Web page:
This was part two of a project that HHI is collaborating on with World Education’s Bantwana Initiative.  During part one, we all met and spent a week in May working on the design of what was most relevant and useful to support preschool teachers.  That led to the creation of a brand new workbook for the teachers, that was thick with a wide variety of useful information and that fit snugly together with some of the great materials already created by the Ministry.

Together with the Early Childhood Care and Education Inspector from Lubombo, I led a training on the new materials and on overarching principles and practices of teaching preschool age children, much of which involves supporting children to play, explore and experiment.  Our time together was action packed, as we talked about how to organize the indoor and outdoor areas for learning, how to use themes, creating routines, the different types of play and so much more!  We all worked together in large and small groups, reviewing all the new materials and practicing how to teach and interact with the preschoolers in the classrooms.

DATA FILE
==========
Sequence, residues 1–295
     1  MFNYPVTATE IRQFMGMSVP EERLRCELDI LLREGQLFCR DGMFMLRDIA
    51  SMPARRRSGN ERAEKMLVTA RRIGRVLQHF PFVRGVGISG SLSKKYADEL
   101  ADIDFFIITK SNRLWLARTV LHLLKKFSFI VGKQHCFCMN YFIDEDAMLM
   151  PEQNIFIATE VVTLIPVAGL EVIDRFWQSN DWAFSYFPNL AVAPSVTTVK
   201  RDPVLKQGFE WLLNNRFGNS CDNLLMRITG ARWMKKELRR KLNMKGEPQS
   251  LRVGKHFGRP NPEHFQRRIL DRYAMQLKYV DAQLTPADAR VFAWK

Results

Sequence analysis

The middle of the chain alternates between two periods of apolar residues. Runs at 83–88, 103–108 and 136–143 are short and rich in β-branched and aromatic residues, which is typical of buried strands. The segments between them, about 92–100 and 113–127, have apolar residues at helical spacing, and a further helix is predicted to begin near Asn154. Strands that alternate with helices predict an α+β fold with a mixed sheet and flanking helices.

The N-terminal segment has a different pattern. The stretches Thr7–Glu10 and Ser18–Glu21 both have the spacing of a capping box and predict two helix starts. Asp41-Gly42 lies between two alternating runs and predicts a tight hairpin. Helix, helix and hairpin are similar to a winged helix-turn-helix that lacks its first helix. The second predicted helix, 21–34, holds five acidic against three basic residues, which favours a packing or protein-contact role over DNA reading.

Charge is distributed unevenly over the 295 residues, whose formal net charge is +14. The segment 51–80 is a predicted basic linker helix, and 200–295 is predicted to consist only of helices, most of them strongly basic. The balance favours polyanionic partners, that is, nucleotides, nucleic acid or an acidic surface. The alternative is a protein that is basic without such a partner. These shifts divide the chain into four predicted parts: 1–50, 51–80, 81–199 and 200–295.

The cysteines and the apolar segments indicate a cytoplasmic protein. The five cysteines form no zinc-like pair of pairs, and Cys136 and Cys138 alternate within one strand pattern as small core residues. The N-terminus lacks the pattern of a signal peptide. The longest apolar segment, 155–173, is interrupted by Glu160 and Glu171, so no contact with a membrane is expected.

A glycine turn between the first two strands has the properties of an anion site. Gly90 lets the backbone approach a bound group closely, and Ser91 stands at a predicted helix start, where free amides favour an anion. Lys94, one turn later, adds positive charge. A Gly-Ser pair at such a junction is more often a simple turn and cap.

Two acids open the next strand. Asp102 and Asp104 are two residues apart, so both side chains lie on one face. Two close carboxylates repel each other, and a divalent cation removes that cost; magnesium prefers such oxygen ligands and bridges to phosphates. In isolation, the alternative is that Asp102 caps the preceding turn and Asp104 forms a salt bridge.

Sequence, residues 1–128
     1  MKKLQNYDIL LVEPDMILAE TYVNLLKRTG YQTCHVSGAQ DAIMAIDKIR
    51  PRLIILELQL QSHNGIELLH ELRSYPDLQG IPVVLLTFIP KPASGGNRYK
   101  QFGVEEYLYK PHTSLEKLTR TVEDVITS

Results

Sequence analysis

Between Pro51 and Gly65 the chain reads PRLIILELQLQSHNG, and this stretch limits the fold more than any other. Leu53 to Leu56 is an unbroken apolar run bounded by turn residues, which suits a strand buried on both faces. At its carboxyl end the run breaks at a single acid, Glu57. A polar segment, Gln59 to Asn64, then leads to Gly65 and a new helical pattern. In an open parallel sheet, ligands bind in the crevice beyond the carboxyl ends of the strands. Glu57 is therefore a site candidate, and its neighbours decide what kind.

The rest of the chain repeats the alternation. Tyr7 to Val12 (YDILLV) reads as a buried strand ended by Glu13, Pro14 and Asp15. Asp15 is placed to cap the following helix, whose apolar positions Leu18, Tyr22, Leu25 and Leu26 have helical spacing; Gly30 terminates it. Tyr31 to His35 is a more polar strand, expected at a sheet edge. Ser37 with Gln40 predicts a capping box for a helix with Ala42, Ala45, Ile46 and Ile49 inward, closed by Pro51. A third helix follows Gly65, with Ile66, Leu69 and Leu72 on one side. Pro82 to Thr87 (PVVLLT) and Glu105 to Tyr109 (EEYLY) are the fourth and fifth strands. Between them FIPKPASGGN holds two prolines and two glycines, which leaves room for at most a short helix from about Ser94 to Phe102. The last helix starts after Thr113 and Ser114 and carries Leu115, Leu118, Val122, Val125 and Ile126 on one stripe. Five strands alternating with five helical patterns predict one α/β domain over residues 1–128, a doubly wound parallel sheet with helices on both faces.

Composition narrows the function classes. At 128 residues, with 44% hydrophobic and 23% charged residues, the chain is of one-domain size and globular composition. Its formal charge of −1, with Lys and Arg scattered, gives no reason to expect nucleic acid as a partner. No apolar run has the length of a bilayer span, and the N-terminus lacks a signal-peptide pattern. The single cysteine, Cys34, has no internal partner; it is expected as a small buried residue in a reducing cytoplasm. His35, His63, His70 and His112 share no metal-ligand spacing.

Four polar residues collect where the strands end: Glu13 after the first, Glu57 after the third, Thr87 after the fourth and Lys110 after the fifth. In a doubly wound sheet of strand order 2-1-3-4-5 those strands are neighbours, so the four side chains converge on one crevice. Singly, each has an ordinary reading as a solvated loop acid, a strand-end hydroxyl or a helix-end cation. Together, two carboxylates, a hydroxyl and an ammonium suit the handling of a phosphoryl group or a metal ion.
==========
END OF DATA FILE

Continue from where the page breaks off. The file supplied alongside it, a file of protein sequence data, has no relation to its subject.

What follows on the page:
This was a new project for HHI to be involved with and I must say, it was really fun!  Here are some of the quotes from our preschool teacher participants on what they thought of the experience:

  •  “it was perfect”  “it was good, it had plenty of illustrations on teaching children. I now feel confident.”
  • “Now I will always make a lesson plan to make my work easy, I learned that I must be prepared.”